CAMBRIDGE, United Kingdom: Theo, a 12-year-old boy who is blind, is seated at a table in a crowded kitchen on a gray and drippy mid-December day. A headband that houses cameras, a depth sensor and speakers rings his sandy-brown hair. He swivels his head left and right until the camera in the front of the headband points at the nose of a person on the far side of a counter.
Theo hears a bump sound followed by the name “Martin” through the headband’s speakers, which are positioned above his ears.
“It took me like five seconds to get you, Martin,” Theo says, his head and body fixed in the direction of Martin Grayson, a senior research software development engineer with Microsoft’s research lab in Cambridge. Grayson stands next to a knee-high black chest that contains computing hardware required to run the machine learning models that power the prototype system Theo used to recognize him.
Elin, Theo’s mother, who is standing against a wall on the opposite side of Theo, says, “I love the way you turned around to find him. It is so nice.”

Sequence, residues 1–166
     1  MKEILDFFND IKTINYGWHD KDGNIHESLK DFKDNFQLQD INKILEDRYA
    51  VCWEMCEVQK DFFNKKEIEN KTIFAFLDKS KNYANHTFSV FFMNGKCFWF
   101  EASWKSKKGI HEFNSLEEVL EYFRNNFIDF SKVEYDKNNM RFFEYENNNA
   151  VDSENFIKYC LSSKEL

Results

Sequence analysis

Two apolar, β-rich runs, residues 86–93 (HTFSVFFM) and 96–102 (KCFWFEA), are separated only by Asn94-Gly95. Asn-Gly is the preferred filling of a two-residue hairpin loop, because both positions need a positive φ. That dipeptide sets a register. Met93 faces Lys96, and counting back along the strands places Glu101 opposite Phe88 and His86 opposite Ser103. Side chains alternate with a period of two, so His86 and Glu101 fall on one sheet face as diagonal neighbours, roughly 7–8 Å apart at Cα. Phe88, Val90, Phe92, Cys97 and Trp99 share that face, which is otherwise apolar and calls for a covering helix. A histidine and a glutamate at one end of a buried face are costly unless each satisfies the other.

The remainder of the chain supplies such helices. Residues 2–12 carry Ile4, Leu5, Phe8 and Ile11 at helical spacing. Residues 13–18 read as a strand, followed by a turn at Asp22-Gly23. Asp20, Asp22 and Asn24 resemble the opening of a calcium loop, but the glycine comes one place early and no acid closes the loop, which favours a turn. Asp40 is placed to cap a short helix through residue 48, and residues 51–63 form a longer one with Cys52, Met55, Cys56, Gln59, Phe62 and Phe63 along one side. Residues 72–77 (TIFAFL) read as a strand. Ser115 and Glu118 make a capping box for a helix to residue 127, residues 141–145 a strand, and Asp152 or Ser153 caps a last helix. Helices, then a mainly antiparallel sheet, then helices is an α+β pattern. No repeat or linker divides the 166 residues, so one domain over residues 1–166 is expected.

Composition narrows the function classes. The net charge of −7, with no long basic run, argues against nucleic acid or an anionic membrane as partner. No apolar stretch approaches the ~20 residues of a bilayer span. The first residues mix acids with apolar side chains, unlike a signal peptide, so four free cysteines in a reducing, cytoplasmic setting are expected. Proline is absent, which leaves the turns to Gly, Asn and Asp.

As Theo begins to turn to face his mother, the speakers sound another bump and the name “Tim.”
“Tim, there you are,” says Theo with delight as his gaze lands on Tim Regan, another senior research software development engineer at the lab, who took Theo under his wing to teach him advanced computer coding skills. Theo and his mother were at Regan’s house for a bi-monthly coding lesson. They met while working on a research project that led to the development of Code Jumper, a physical programming language that’s inclusive of children with all ranges of vision.
Theo is now one of several members of the blind and low-vision community who are working with Regan, Grayson, researcher Cecily Morrison and her team on Project Tokyo, a multipronged research effort to create intelligent personal agent technology that uses artificial intelligence to extend people’s existing capabilities.
For Theo, that means tools to recognize who is around him.